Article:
J.D. Power: Medicare Advantage plans still struggle with member engagement

The Medicare Advantage (MA) population continues to grow, but plans still struggle with member engagement and communication, according to a new survey.

J.D. Power released its annual MA study this week, which found that while satisfaction with communication is improving, it's still the lowest-rated factor included in the survey. For plans that communicate effectively with members, satisfaction with coverage is notably higher, the study found.

James Beem, managing director of global healthcare intelligence at J.D. Power, told Fierce Healthcare that 4 in 10 MA members report little to no interaction with their plans, which is quite low for a "direct-to-consumer product."

That number is "higher than the year before, and a little bit better than commercial health insurance, but that's still a big gap in my mind," he said.

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The study also found declines in the number of MA members who say they are taking an active role in managing their care. Just over half (55%) of those surveyed said they were actively involved in their care management, a decrease of nine percentage points from 2019.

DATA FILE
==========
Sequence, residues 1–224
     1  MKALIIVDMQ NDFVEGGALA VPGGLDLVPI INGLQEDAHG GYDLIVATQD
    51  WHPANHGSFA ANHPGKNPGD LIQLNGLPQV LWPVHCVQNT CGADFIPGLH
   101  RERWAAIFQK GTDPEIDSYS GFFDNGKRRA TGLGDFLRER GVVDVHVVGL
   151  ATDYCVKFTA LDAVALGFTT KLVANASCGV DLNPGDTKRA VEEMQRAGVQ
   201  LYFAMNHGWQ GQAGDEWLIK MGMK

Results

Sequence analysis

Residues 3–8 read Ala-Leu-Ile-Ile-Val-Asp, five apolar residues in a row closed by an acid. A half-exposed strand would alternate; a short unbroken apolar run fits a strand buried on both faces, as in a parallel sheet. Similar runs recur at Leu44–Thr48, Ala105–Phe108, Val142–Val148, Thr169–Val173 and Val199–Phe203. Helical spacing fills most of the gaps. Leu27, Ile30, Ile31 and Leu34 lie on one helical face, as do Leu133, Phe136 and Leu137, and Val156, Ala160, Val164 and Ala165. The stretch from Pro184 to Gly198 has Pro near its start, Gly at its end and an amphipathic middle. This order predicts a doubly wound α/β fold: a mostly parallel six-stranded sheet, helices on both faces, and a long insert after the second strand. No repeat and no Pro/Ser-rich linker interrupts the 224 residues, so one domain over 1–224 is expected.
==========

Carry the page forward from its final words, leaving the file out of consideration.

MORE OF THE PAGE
The most common steps members take, according to the survey, are actively asking whether services or therapies are covered in their plans or asking a physician or pharmacist to provide them with a generic drug instead of a branded product.

More members are also logging into portals, with 78% reporting use in 2020. That is an increase of four percentage points from 2019, according to the survey. Use of these tools is associated with higher satisfaction with the member's plan.

Beem said new MA members are more likely to take to technology tools, as they're often already tech-savvy before aging into Medicare. Because of the differing demands of these populations within MA, health plans should be thinking about how to connect with them in unique ways.

"We're seeing a generation coming into Medicare Advantage that's been well-groomed on all things digital," he said. "I think the onus is on the health plans to diversify their offerings."